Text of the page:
Developing PWAs with Angular JS


Developing PWAs with Angular JS

For quite a while we have been noticing a huge interest in Progressive Web Applications (PWAs) and has gained a lot of momentum in the front-end world. More and more companies are developing applications using this concept.

Progressive Web Apps are basically the user experiences that have reach of the web by combining new technologies with the established best practices for creating expeiences which are:

  • Reliable- A PWA when launched from a users home screen , loads meaningful content regardless of the network conditions.
  • Accessible- A good, responsive and accessible design ensures the application to work on new devices with faster interfaces to respond.
  • Engaging- Offering immersive full screen experience making it easy for users to get into the app and even re-engage the users with web push notifications.

Adding PWA capabilities to an Angular app:

In this blog, we will go ahead with discussing about how an Angular app can be supported with PWA capabilities or converting an Angular app into PWA Angular App.

To make existing angular app as a PWA, we need to focus on the following points:

  1. Register a service worker( used as a ‘proxy’ between client-side and server-side application)
  2. Service worker response to be 200 when offline.
  3. Availability of content even when Javascript is not available
  4. Use HTTPS
  5. Add manifest for the splash screen of your application

All this may sound weird for the newbies in Angular development but no need to worry, we will assist you by providing a step by step guide further.

Step-by-Step Guide To an Angular PWA Application

– Start by setting up a new Angular project.

Step 1: Install CLI of angular

npm install -g @angular/cli

Step 2: Creating new angular app with the angular CLI

ng new angularPwa

angularPwa” is the project name( Choose your preferred name)

It may ask you the following Options:

op1: Would you like to add Angular routing?

Type “Yes” if you want default Routing of Angular then hit enter

op2: Which stylesheet format would you like to use?

Select any of the css format you want to use eg. CSS, SCSS etc.

Step 3: To test your angular app you need to run the following command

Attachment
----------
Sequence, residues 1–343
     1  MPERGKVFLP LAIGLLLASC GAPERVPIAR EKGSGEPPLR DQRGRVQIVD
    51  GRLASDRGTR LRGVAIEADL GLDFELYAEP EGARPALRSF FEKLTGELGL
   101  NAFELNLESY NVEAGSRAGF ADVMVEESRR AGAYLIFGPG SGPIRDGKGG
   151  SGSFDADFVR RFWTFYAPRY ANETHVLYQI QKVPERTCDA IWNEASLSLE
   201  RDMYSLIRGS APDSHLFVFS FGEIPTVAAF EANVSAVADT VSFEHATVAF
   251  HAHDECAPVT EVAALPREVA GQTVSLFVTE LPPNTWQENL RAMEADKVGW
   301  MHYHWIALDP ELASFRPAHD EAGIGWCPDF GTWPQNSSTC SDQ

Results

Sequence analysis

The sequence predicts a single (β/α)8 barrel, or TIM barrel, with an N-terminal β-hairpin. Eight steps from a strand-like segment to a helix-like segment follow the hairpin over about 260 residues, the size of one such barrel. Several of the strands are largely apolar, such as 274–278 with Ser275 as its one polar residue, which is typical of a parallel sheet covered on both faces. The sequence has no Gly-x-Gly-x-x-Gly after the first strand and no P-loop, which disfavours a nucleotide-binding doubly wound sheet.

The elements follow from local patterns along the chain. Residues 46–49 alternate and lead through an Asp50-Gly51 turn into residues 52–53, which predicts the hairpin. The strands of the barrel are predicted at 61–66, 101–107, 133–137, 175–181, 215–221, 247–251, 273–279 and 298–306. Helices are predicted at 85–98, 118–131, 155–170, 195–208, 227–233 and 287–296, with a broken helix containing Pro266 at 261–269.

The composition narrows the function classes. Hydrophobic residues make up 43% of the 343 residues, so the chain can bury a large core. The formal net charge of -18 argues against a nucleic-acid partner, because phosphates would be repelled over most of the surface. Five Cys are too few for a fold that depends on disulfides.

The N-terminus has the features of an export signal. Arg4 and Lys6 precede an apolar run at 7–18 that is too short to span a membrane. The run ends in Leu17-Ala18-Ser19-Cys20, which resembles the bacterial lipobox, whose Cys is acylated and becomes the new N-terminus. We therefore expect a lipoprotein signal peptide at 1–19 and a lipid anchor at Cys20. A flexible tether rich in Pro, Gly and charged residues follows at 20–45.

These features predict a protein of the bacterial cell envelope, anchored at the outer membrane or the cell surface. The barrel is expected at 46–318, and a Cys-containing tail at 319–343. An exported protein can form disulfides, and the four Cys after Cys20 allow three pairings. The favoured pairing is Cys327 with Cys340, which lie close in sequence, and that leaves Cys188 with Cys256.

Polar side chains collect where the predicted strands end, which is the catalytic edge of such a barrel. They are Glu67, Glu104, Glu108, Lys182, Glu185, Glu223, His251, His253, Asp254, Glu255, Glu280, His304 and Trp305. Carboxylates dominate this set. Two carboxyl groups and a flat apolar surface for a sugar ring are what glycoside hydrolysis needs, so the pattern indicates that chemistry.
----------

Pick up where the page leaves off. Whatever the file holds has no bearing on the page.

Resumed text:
ng serve –open

It will run your app on http://localhost:4200/

– Now, check whether your app is a Progressive web app or not for which you can use “lighthouse” tool of Google chrome (https://developers.google.com/web/tools/lighthouse/)

(Image)

Step 3:To test your angular app you need to run the following command

ng serve –open

It will run your app on http://localhost:4200/

– Now, check whether your app is a Progressive web app or not for which you can use “lighthouse” tool of Google chrome (https://developers.google.com/web/tools/lighthouse/)

 

– It gives you approx 36 points out of 100 and shows the list of the failure conditions, which are required for a PWA application.

 

– Now to make our application as PWA we need to make sure our application fulfill all the criteria listed on the lighthouse testing tool.

I am using Angular CLI version 6 to make out angular application as a progressive web application.

-Go on your project root directory and run this command:

ng add @angular/pwa

It will create the following files in our application:

1: It created “ngsw-config.json” in our root directory

2: It creates some different size of icons under “src/assets/icons/”

3: Creates a ”mainfest.json” in “src” directory

4: Updates the following files: Angular.json, package.json, src/app/app.module.ts and src/index.html

1: Ngsw-config.json- This file is responsible for the service worker configuration. Service worker are used for the caching of our application. We can cache different js,css,images and icons files as per our need.

https://developers.google.com/web/fundamentals/primers/service-workers/

2: Angular cli creates different sizes of icons which are used for app icon and splash screen. These icons are served format of the manifest file. For different size of screen, angular servers have different icons.

3: Manifest.json: It is responsible for “Add To Home Screen” popup once your application is served over the web. It contains the meta data of your angular app such as “name”,”short)name”, “theme_color”,”icons” etc.

4: These files are updated by just using the created files to make our application work as a progressive web application. Example- in src/app/app.module.ts

We will see the following changes:


import { BrowserModule } from '@angular/platform-browser';
import { NgModule } from '@angular/core';
import { AppRoutingModule } from './app-routing.module';
import { AppComponent } from './app.component';
import { ServiceWorkerModule } from '@angular/service-worker';
import { environment } from '../environments/environment';
@NgModule({
    declarations: [
        AppComponent
    ],
imports: [
    BrowserModule,
    AppRoutingModule,
    ServiceWorkerModule.register('ngsw-worker.js', { enabled: environment.production })
    ],
    providers: [],
    bootstrap: [AppComponent]
})
export class AppModule { }

– Now we have added all the things which are required to make our application as PWA

– Here it looks like a manifest.json file


{
 "name": "angularPwa",
 "short_name": "angularPwa",
 "theme_color": "#1976d2",
 "background_color": "#fafafa",
 "display": "standalone",
 "scope": "/",
 "start_url": "/",
 "icons": [
    {
     "src": "assets/icons/icon-72x72.png",
     "sizes": "72x72",
     "type": "image/png"
    },
    {
     "src": "assets/icons/icon-96x96.png",
     "sizes": "96x96",
     "type": "image/png"
    },
    ......
  }
 ]
}

Conclusion:

In the above blog, we have illustrated how to add PWA features to an Angular application by adding a manifest, service workers and sample app icons. We should remember that the ideas and concepts used by PWA are not that new and can be incorporated easily into your existing applications.